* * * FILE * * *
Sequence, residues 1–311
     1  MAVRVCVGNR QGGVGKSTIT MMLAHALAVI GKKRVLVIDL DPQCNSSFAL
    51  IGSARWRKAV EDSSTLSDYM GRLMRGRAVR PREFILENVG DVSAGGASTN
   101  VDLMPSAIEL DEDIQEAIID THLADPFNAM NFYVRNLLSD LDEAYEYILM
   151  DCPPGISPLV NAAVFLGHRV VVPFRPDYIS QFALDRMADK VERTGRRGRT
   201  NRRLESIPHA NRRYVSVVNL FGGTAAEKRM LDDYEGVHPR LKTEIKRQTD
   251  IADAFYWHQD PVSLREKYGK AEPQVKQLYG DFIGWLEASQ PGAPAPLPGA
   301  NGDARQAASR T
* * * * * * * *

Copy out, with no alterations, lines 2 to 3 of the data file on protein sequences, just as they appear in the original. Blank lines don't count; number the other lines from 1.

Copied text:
     1  MAVRVCVGNR QGGVGKSTIT MMLAHALAVI GKKRVLVIDL DPQCNSSFAL
    51  IGSARWRKAV EDSSTLSDYM GRLMRGRAVR PREFILENVG DVSAGGASTN